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Many small businesses purchase both general liability and workers’ compensation insurance in case they ever face an event that could prompt an expensive lawsuit. The biggest difference between these types of is the types of accidents they cover.
protects a business against claims that its services, employees or advertisements caused personal injury or property damage, whereas helps cover medical expenses and lost wages should an employee get injured while working.
General liability insurance, also called commercial general liability insurance, deals with an array of accidents involving nonemployees and customers. Most policies include three main coverages labeled Coverage A, Coverage B and Coverage C.
Businesses need workers’ comp in case an employee experiences a work-related illness or injury. It’s required by law, though specific coverage requirements range from state to state.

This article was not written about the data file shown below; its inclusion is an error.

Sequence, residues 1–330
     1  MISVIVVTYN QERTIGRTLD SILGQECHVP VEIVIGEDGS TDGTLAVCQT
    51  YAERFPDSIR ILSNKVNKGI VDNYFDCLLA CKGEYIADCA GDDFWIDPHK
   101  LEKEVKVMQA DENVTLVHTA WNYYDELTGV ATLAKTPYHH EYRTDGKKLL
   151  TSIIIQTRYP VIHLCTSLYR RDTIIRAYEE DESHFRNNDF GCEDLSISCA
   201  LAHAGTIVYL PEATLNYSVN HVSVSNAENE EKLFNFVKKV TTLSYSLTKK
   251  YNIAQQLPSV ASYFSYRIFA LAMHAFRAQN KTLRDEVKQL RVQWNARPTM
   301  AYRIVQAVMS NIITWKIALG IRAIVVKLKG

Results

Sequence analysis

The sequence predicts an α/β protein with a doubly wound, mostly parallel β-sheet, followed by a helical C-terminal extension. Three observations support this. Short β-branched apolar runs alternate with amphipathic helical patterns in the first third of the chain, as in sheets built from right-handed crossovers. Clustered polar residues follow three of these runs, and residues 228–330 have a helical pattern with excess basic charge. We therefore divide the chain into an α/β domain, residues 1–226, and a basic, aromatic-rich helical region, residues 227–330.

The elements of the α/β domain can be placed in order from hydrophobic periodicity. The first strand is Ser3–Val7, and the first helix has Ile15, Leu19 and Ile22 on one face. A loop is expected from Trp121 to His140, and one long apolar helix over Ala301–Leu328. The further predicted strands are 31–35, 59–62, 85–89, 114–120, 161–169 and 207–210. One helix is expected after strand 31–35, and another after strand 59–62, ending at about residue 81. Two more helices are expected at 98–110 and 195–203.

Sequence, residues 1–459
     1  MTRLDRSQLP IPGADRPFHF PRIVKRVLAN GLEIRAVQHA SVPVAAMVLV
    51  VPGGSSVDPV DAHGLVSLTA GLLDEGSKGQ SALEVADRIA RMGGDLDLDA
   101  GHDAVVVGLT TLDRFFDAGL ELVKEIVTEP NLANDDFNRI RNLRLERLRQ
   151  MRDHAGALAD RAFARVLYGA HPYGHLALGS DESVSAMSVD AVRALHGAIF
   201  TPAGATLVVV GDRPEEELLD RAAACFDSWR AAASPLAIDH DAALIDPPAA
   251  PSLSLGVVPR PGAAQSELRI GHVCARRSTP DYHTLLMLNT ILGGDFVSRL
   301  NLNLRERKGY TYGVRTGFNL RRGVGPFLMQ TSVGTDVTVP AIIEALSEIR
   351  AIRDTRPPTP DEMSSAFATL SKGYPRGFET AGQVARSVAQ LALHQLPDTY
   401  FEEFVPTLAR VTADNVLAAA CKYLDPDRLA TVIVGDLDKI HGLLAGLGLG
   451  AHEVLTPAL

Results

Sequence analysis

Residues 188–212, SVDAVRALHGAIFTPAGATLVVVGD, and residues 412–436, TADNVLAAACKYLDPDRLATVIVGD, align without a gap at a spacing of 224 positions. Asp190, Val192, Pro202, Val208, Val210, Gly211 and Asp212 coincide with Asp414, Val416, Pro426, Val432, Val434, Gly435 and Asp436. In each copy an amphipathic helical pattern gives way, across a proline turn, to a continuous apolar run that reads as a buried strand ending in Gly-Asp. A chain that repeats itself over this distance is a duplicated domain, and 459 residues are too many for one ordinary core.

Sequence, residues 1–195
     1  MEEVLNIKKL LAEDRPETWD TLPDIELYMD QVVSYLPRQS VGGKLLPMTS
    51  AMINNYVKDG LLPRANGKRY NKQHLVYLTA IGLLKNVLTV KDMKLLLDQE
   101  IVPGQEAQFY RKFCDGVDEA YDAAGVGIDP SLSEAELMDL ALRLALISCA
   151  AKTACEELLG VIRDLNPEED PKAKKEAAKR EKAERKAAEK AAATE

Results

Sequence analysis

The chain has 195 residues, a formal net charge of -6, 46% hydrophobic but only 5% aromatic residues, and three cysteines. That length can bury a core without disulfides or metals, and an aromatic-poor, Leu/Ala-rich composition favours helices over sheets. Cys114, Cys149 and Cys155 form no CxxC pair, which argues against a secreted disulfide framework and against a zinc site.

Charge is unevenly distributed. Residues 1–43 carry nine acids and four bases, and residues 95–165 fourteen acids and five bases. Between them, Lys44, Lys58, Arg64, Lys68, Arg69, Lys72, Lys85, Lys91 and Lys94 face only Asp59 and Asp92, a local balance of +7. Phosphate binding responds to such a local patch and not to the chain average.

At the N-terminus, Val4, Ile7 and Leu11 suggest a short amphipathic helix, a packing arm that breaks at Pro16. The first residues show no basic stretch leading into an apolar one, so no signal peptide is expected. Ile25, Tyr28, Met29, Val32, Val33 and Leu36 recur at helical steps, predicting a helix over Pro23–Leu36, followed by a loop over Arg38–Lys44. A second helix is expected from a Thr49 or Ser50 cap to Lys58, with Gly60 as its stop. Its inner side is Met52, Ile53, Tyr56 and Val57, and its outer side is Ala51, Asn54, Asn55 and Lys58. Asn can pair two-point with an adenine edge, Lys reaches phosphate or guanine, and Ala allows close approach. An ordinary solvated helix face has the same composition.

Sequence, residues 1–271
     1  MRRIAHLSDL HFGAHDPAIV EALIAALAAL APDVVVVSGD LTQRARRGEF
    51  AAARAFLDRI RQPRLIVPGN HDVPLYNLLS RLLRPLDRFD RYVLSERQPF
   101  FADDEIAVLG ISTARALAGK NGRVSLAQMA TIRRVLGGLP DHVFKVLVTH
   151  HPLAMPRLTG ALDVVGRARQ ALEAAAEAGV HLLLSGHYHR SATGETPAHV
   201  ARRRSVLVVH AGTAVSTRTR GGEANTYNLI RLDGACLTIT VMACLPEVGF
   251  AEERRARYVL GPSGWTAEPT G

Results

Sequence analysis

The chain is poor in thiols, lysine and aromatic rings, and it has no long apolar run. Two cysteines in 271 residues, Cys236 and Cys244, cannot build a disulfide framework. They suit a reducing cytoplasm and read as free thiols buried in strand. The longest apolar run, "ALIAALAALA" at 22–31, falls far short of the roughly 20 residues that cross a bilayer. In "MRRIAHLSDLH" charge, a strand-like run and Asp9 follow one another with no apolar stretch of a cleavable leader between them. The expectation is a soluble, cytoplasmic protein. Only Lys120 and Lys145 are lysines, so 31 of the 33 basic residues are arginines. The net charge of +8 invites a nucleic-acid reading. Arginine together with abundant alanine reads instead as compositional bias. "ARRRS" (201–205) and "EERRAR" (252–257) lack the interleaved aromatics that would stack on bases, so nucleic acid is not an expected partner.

General liability deals with accidents involving nonemployees and customers, whereas workers’ comp helps manage risk among employees on the job. Additionally, workers’ comp is required by law.
Here are some examples of what each type of insurance covers:
Most small businesses should consider a , which includes general liability insurance on top of commercial property insurance and .
As for workers’ comp, businesses should read their state’s website on workers’ comp requirements since they vary from state to state. However, small businesses will most likely need it if they have any employees who aren’t owners.